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October 1, 2012

[sogeti] Andrew Keen on Vertigo and Big Data

Andrew Keen is speaking. (I liveblogged him this spring when he talked at a Sogeti conference.) His talk’s title: “How today’s online social revolution is dividing, diminishing, and disorienting us.” [Note: Posted without rereading because I’m about to talk. I may go back and do some cleanup.]

NOTE: Live-blogging. Getting things wrong. Missing points. Omitting key information. Introducing artificial choppiness. Over-emphasizing small matters. Paraphrasing badly. Not running a spellpchecker. Mangling other people’s ideas and words. You are warned, people.

Andrew opens with an anecdote. He grew up as a Jew in Britain. His siblings were split between becoming lawyers or doctors. But his mother asked him if he’d like to be the anti-Christ. So, now he’s grown up to become the anti-Christ of Silicon Valley.

“I’m not usually into intimacy,” but look at each other. How much do we know about each other? Not much. One of the great joys is getting to know one another. By 2017 there will 15x more data flowing over the network. Billions of intelligent devices. “The world we are going into is one in which 2o-25 years…you strangers will show up in a big city in London and you’ll know everything about each other.” You’ll know one another’s histories, interests…

“My argument is that we’re all stuck in Digital Vertigo. We’re all participants in a digital noir.” He shows a clip from Vertigo. “In the future these kinds of scenes won’t be possible. There won’t be private detectives…So this movie about the unfolding of understanding between strangers won’t happen.” What happens to policing. “Will we be guilty if we don’t carry our devices.” [SPOILERS] The blonde in this movie doesn’t exist. She’s a brunette shopgirl from Kansas. “The movie is about a deception…A classic Hitchcock narrative of falling in love with something that doesn’t exist. A good Catholic narrative…It’s a warning about falling in love with something that is too good to be true.” That’s what we’re doing with social media nd big data. We’re told big data brings us together. They tell us the Net gives us the opportunity for human beings to come together, to realize themselves as social beings. Big data allows us to become human.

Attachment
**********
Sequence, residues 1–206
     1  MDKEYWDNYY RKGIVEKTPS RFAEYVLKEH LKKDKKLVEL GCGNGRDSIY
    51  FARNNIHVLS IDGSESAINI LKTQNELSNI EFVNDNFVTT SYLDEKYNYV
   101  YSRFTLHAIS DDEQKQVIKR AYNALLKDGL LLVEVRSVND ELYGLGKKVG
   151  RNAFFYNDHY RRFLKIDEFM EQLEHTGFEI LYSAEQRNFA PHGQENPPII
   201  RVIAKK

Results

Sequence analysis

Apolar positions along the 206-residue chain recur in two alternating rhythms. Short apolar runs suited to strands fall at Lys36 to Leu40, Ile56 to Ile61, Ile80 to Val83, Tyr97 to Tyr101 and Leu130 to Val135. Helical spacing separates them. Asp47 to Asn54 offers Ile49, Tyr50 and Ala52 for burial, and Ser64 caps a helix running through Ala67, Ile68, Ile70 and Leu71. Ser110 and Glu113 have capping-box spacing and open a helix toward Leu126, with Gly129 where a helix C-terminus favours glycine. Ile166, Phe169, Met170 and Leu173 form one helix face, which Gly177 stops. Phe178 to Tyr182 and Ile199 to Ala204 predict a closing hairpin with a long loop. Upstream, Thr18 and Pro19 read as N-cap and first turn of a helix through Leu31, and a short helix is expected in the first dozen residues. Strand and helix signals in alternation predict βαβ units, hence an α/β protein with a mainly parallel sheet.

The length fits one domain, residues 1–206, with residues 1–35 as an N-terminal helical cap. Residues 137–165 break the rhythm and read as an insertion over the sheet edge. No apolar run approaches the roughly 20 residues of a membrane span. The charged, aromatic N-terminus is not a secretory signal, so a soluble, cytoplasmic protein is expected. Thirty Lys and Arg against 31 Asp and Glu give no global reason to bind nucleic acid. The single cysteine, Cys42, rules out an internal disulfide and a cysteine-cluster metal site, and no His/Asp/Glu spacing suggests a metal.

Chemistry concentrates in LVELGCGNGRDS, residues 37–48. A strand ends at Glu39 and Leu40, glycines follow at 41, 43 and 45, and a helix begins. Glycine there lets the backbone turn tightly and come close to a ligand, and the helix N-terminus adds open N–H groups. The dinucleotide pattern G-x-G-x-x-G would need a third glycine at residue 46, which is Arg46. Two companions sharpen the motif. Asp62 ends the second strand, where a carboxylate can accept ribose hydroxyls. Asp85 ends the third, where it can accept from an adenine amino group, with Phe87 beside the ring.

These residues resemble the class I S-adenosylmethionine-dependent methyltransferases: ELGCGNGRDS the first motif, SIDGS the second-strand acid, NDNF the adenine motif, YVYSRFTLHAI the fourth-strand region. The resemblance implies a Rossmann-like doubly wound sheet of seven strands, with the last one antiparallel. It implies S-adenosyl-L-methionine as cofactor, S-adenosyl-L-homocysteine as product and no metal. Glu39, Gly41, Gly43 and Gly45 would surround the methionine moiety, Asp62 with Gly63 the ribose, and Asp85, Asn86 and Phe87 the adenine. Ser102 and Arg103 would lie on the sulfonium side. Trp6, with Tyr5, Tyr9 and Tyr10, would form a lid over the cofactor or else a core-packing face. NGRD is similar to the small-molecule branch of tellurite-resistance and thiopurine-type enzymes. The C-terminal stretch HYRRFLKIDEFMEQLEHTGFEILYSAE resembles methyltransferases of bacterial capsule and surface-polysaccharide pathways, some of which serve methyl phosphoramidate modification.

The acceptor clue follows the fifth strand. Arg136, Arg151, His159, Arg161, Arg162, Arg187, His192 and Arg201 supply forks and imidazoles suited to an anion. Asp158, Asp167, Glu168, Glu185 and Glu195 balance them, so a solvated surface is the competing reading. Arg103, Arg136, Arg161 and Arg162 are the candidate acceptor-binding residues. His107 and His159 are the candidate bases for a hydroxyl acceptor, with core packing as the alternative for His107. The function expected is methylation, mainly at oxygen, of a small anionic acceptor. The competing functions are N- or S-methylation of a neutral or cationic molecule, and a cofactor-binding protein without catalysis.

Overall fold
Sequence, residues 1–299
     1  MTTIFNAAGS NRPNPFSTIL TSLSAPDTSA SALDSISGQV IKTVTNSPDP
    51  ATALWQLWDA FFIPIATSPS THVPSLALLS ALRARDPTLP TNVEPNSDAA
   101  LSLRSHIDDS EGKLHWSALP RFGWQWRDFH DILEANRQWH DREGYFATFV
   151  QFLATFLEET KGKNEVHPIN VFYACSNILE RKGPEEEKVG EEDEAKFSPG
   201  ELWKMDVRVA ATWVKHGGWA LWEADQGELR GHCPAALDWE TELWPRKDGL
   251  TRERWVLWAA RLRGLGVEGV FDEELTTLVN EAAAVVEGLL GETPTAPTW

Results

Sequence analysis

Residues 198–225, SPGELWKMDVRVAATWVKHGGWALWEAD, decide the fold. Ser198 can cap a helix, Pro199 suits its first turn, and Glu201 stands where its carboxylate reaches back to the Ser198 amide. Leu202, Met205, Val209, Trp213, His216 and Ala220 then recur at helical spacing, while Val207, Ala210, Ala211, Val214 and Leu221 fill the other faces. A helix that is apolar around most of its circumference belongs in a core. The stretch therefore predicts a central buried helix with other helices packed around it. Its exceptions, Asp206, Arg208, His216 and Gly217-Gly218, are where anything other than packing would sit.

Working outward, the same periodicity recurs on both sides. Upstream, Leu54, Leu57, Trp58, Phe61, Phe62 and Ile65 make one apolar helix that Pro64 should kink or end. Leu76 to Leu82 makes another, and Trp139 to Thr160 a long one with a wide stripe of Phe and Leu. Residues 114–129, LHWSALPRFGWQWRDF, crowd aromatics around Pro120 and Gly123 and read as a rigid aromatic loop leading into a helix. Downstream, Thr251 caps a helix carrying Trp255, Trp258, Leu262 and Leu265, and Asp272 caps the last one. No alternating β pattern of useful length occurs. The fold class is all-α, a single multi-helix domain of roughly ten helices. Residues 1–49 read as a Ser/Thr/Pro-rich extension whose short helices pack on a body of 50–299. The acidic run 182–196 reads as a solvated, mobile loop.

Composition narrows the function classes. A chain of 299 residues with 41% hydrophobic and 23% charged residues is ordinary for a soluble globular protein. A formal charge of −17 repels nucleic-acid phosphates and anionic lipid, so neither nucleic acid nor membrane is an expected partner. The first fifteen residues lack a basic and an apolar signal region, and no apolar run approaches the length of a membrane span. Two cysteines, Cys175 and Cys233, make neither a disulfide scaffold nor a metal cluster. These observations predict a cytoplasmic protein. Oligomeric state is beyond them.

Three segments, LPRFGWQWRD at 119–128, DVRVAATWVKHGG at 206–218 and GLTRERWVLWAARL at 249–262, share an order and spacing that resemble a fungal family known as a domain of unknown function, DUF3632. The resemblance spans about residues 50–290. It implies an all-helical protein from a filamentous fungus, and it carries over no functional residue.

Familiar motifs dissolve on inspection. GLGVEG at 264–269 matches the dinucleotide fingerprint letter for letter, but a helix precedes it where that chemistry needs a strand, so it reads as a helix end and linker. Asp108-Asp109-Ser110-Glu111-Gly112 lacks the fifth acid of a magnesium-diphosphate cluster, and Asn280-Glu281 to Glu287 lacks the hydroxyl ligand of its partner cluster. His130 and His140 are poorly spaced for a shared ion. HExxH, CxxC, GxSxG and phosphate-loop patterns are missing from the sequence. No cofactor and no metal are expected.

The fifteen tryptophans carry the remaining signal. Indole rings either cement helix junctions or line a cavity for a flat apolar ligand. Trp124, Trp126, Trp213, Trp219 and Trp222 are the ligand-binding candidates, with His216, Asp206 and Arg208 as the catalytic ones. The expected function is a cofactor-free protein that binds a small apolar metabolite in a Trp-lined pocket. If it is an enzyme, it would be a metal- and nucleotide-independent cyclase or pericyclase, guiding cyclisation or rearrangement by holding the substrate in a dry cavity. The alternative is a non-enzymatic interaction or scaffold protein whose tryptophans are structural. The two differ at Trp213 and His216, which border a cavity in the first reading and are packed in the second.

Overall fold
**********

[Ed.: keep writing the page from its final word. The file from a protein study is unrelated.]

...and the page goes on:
This is about more than the Net. The revolution that Carlotta is talking about is one in which the Net becomes central in the way we live our lives. Fifteen years ago, Doc Searls, David W., and I would be marginal computer nerds, and now our books can be found in any book store. [Doc is in the audience also.]

He shows a clip from The Social Network: “We lived on farms. Now we’re going to live on the Internet.” It’s the platform of 21st century life. This is not a marginal or media issue. It is about the future of society. Many people this network will solve the core problems of life. We now have an ecosystem of apps in the business of eliminating loneliness. E.g., Highlight, “the darling of the recent SxSW show.” They say it’s “a fun way to learn more about people nearby.” Then he shows a clip from The Truman Show. His point: We’re all in our own Truman Shows. The destruction of privacy. No difference between public and private. We’re being authentic. We’re knowingly involving ourselves in this.

A quote: “Vertigo is the ultimate critics’ film because it is a dreamlike film about people who are not sure who they but who are busy econstructing themselves and each other to a f=kind of cinema ideal of the ideal soul mate.” Substitute social media for film. We’re losing what it means to be using. We’re destroying the complexity of our inner lives. We’re only able to live externally. [This is what happens when your conceptual two poles are public and private. It changes when we introduce the term “social.”]